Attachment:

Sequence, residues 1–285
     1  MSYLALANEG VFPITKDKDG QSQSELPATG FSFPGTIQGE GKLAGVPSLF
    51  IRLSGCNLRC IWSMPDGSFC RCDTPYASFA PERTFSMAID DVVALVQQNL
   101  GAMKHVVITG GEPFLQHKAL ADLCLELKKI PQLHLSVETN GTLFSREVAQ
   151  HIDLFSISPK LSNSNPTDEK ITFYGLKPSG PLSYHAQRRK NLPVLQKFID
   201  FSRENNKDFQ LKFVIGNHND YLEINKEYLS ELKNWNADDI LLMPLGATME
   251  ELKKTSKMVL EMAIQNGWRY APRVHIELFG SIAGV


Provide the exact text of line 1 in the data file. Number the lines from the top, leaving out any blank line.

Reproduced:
Sequence, residues 1–285